the rate falls in the middle of the range but you need $. what you are looking for is the the lower of the 2 prices listed. that is the exchange you'll get in pesos for your dollars.

mexico is a cash society. if a biz accepts cards they are over-priced tourists joints to start with.

expect to pay for a public toilet and bring your own tp/tissues. always use a restaurant toilet when you have the opportunity. it's ok to stop back in latter as they will remember you.

gas station attendants are paid with tips. they'll let you pump but throw them a few pesos or stop a few shy of the bills you're paying with. food store baggers also survive on tips. i tip 15% at restaurants but street vendors don't expect a tip nor do taxi drivers. always negotiate taxi fare before the ride.

smile to mexicans and the gesture will be returned 3 fold. don't be shy and accept personal space is ALOT less than in the US. when lines form be aggressive at times as they will pass you by.

photocopy all your important docs and give that to the police if stopped. after that give a photocopy of your license. if ticketed they keep it till you pay. by law they can't keep your passport and never show it. if you've done nothing wrong wait it out and say write me a ticket or let me go. they're waiting for a bribe but if you've done nothing wrong don't pay. i told a transit copy in puerto vallarta "no" for 10 min. then he let me go. if asked where your going say here....i love this place. so do they. only transit cops will give you tickets. federal police and military are looking for drugs. you can pass them if need be. they don't care. make traffic rules as you go because the locals do. lane split to the front and so on. it's very liberating vrs all the rules in the us. mexican drivers are fast but attentive. be precise and direct in your actions. they expect that.

few phrases you'll here or try to use
-que le vaya bien (said to you when you're leaving).
i respond with gracias y tu tambien (thanks & you 2)
http://www.peoplesguide.com/1pages/c...en/que-le.html
-que bueno (you say)
http://wiki.answers.com/Q/What_does_que_bueno_mean
-muy sabroso (to the cook)
very good/flavorfull
-chido (cheedo)
http://en.wiktionary.org/wiki/chido


... to be continued
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eakins screwed with this post 06-25-2012 at 11:55 PM
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Old 05-07-2012, 11:05 AM   #244
Marco Moto
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Quote:
Originally Posted by eakins View Post
...smile and look everyone in the eye. americans tend to not do this as much, as it's become a frightful society but mexicans will find it rude if you do not look at them in the eye....
This is so true! I was watching that "RestRepo" documentary on the war in Afghanistan and it drove me crazy to see the US "negotiator" wearing Oakley sunglasses every time he had to speak with a village elder. No wonder they hate us.


Thank you for the great tips, most of them are common sense for the traveler, and as we know, common sense is usually not very common .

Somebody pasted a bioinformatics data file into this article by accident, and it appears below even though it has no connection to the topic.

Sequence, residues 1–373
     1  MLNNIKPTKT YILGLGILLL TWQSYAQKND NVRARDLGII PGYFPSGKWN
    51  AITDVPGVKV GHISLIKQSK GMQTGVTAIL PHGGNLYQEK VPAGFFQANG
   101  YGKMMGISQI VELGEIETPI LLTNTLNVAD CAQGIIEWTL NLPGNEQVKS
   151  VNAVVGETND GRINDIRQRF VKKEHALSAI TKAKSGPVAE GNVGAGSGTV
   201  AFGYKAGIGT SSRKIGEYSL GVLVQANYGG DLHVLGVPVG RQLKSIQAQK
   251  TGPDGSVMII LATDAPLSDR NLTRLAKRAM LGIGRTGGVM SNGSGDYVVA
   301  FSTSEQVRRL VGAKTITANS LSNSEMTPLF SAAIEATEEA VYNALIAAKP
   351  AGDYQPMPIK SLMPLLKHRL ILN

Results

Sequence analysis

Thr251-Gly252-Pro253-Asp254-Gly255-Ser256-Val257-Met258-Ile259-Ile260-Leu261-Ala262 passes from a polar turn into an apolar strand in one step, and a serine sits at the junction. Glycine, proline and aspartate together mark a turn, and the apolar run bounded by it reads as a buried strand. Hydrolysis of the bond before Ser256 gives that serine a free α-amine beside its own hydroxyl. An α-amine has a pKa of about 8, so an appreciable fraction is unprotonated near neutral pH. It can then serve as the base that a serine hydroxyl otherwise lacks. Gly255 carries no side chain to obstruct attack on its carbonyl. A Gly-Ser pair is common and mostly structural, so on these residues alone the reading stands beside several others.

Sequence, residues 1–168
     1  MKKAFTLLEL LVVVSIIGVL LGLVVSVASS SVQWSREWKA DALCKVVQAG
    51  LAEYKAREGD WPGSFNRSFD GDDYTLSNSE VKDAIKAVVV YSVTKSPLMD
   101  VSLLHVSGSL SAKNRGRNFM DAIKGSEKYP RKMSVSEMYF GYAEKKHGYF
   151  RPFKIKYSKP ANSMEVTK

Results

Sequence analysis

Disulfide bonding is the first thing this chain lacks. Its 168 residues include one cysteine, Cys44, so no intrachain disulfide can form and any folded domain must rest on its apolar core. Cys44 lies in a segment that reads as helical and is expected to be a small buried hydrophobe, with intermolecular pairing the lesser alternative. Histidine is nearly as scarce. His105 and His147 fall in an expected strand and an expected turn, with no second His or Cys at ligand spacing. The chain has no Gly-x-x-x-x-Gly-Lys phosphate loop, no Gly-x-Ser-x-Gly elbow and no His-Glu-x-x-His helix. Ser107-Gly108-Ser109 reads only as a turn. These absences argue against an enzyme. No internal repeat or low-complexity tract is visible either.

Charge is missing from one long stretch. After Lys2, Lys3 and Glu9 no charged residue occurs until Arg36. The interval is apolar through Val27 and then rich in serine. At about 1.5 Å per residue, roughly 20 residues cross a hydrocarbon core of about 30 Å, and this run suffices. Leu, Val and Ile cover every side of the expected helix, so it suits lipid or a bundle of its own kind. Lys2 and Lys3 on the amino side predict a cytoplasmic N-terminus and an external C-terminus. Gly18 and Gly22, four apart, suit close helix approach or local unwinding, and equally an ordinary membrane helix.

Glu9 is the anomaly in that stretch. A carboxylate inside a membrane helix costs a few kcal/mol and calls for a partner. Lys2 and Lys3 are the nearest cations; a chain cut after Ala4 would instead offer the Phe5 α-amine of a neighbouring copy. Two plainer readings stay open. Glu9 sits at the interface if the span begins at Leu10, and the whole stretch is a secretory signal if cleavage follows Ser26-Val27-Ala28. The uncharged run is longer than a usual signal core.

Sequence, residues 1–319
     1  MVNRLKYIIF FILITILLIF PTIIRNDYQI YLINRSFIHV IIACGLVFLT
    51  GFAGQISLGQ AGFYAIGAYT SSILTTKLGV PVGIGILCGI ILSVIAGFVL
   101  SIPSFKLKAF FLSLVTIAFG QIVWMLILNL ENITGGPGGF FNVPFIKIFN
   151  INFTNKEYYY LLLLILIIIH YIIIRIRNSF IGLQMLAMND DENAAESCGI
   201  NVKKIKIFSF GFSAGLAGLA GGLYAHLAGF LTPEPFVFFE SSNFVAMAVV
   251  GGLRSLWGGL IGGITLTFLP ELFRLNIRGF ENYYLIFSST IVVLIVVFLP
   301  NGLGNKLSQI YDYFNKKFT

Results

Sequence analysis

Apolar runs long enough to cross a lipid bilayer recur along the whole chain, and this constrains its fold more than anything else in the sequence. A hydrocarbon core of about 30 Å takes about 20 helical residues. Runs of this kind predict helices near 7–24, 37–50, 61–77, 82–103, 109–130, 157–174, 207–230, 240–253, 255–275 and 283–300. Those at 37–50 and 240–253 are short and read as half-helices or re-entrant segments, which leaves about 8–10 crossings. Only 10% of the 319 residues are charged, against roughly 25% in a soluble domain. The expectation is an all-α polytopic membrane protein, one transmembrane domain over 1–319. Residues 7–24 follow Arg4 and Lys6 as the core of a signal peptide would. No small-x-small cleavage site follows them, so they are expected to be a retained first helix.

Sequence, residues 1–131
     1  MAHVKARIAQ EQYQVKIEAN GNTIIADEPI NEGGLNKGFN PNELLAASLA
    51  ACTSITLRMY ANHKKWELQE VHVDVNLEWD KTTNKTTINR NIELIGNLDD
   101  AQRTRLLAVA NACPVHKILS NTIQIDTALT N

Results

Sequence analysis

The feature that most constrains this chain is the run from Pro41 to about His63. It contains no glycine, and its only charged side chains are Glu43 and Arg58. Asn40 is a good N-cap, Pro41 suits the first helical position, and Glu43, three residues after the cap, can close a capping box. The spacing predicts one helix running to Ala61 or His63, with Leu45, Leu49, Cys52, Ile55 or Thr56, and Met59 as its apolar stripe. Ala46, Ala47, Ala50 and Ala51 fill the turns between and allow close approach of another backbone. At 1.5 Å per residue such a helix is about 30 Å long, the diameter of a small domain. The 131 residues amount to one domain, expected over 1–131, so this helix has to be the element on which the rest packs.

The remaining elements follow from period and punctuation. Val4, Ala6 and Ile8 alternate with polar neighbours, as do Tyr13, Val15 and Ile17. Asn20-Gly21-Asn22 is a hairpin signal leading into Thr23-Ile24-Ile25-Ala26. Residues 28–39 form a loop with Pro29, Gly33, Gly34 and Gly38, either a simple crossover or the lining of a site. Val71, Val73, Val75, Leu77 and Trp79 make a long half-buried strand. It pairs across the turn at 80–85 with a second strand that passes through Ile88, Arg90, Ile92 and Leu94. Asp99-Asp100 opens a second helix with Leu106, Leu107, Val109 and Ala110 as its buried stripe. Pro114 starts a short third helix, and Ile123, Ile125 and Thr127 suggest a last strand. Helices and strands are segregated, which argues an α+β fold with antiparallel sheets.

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Old 05-08-2012, 03:18 AM   #245
acejones
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Quote:
Originally Posted by MarcoPolo View Post
This is so true! I was watching that "RestRepo" documentary on the war in Afghanistan and it drove me crazy to see the US "negotiator" wearing Oakley sunglasses every time he had to speak with a village elder. No wonder they hate us.


Thank you for the great tips, most of them are common sense for the traveler, and as we know, common sense is usually not very common .
This is true. but after all the crap that has gone on over there, they would hate us anyway. Still, it doesn't excuse being rude.
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Old 05-08-2012, 02:21 PM   #246
Sjoerd Bakker
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Read my post about Mexico STOP SIGNS on page 7 of this very sticky. You will be glad you did as soon as you cross the border and are in the border town with one-way streets.
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Old 05-08-2012, 03:55 PM   #247
PirateJohn
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Mike, Mike, Mike ... a house with heart-shaped windows. Love it!
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Old 05-08-2012, 04:16 PM   #248
MikeMike
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PJ, that house is in Puebla, on the way out of Ciudad Serdan on the bypass.
In fact, you'll see this car before you see the house.
I have no idea what version of "Windows" this one is! LOL!

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Old 05-12-2012, 07:18 AM   #249
acejones
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Looks like a hearse
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Old 05-12-2012, 09:20 AM   #250
MikeMike
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Yep, it's for those who die with their boots on in the Love Shack with the heart shaped windows.